Legislations on healthcare can protect patients’ rights, provide institutional solutions or establish legal apparatus. However, with the exception of Slovenia, the states under consideration are reluctant to incorporate into their healthcare legislations explicit anti-discrimination regulations regarding the grounds under investigation.
Patients’ rights acts
Patients’ rights acts have been adopted by all examined states. They cannot be easily classified as protecting individual rights and freedoms or guaranteeing social rights, as they combine both aspects. They can play the role of a legal instrument, which transposes protection against discrimination into the sphere of healthcare. These acts establish patients’ rights offices (such as ombudsperson office), in order to facilitate claims in case of discrimination in healthcare.
Legislations on patients’ rights protect freedoms of patients, such as the right to privacy, confidentiality, intimacy, consent and information, and address the issue of equality in healthcare to various extent. The Act Improving the Rights of Patients in Germany (2013) does not refer directly to non-discrimination and equal access.  In Croatia the Act on the Protection of Patients’ Rights (2004, with amendments) , in Poland the Act on Patient’s Rights and Patient’s Rights Ombudsman (2008, with amendments)  and in Slovenia Patients’ Rights Act (2008, amended 2017) , guarantee the right to proper and equally accessible medical treatment. Only the Slovenian act contains a provision prohibiting discrimination on exemplary grounds: “sex, nationality, racial or ethnic origin, religion or belief, disability, sexual orientation or any other personal circumstance” (Art. 7). However, Croatian and Polish acts address specifically patients’ religious freedoms. In Croatia, Poland and Slovenia patients whose rights have been violated can complain to ombudspersons or to patients’ rights offices, such as the Regional Commissions for Patient’s Rights Protection and Ministerial Commission for Patient’s Rights Protection in Croatia, Patient’s Rights Ombudsman in Poland, and Patients’ Rights Advocates in Slovenia, or to general ombudspersons.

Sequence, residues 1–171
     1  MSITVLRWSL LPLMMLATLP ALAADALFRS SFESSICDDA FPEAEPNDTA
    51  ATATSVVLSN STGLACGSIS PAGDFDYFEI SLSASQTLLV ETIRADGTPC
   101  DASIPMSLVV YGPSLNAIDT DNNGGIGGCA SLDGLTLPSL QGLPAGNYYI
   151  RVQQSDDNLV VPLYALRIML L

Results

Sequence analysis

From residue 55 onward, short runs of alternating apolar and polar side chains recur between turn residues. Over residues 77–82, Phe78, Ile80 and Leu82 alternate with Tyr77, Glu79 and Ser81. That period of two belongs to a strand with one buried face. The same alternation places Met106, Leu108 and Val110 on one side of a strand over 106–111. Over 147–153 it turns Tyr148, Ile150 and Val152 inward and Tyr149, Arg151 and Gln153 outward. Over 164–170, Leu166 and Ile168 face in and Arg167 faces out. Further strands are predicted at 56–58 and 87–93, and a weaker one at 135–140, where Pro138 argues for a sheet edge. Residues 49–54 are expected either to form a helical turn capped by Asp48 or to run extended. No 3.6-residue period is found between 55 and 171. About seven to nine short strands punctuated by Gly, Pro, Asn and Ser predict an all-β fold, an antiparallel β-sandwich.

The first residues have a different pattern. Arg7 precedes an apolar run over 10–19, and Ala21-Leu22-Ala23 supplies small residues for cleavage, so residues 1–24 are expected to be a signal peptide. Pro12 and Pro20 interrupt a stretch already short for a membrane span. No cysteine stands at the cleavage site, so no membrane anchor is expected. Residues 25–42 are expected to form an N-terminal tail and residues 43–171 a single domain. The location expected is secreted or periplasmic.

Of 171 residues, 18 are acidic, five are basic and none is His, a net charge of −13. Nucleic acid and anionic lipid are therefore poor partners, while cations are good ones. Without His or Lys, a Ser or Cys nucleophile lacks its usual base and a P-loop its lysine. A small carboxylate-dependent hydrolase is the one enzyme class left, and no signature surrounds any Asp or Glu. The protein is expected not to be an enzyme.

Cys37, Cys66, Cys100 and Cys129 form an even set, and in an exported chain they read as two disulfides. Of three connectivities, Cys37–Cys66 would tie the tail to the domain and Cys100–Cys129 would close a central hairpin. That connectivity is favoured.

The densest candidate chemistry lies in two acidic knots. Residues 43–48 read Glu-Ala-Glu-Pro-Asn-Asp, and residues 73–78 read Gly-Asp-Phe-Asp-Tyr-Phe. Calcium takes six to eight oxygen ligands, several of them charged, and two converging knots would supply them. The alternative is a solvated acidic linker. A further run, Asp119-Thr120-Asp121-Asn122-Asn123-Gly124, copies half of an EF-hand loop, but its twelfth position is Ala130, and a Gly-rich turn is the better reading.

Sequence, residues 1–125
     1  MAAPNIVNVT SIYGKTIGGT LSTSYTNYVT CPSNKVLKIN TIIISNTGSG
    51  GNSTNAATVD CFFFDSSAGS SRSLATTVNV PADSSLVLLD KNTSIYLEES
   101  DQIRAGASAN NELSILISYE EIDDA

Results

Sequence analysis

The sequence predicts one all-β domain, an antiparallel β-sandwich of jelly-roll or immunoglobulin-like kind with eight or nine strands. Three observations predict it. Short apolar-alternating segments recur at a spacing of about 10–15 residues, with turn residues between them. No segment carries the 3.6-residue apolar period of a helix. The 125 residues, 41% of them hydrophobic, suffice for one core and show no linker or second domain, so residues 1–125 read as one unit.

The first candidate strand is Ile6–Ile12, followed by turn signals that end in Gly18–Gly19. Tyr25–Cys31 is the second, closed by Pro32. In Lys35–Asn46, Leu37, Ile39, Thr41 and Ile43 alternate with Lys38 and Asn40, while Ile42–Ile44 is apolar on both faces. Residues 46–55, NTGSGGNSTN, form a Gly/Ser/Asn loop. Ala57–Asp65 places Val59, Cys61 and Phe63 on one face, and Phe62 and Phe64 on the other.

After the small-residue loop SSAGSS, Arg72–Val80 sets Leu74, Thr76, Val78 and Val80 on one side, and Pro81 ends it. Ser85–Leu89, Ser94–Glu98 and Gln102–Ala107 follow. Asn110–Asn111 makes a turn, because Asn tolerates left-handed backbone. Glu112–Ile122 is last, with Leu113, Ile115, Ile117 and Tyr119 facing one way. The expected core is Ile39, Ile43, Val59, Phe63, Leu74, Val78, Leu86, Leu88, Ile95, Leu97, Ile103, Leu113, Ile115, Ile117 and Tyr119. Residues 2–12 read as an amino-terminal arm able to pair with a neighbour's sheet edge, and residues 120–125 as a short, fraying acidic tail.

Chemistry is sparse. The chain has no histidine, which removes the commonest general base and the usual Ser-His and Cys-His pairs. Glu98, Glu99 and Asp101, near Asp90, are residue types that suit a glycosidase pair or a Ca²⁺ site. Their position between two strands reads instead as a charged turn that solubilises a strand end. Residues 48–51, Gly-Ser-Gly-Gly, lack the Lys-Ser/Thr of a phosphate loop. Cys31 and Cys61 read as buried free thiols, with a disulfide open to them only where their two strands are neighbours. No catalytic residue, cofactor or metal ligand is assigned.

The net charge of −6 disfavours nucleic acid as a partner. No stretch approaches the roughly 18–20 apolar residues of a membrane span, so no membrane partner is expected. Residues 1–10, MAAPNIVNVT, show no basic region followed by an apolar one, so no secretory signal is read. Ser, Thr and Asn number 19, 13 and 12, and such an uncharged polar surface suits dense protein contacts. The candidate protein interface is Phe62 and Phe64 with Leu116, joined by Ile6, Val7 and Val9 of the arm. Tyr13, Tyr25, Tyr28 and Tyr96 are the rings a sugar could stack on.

Acts on patients’ rights often refer to the ethical principles, which are prescribed by the respective professional legal acts and codes of ethics. Such documents prohibit discrimination and require medical staff members to provide care regardless of personal circumstances. [39,40,41] However, ethics codes do not have the same status as legislative acts and therefore cannot be the basis for legal action. They can, however, play a supplementary role. Discrimination claims can be filed to professional responsibility bodies, if not guaranteed by other legislative acts.
Legislation addressing access to healthcare in specific areas
Access to healthcare for persons of diverse race or ethnicity, religion or belief, or sexual orientation or gender identity is also affected by legislation that addresses provision of specific healthcare goods and services with the notable example of sexual and reproductive health goods and services. For example, in all four countries under investigation, non-heteronormative persons are denied access to medically assisted procreation, which is available only to persons in heteronormative relationships [27, 33, 34, 42,43,44]. States also vary with regard to the accessibility of gender confirmation services in relation to both payment and administrative barriers.
Specific provisions of other legislative acts also affect access to healthcare for various groups. Regulations on the relations between the state and religious communities (such as concordats), specifically address access to pastoral/spiritual care and freedom of religious practices in medical facilities. Legislations on national and ethnic minorities aim to meet their special needs, including in the area of healthcare [45, 46]. Those legislations are followed by further regulations or programs, e.g. National Roma Inclusion Strategy from 2013 to 2020 in Croatia, the Multiannual Programme for the Integration of the Roma Community for 2014–2020 in Poland, or National Program of Measures of the Government of the Republic of Slovenia for Roma for the Period 2017–2021 [47,48,49]. Such regulations are of particular nature. They concern members of specific, historically present communities, and so they can produce inequalities between “old” and “new” (i.e. migrant) minorities.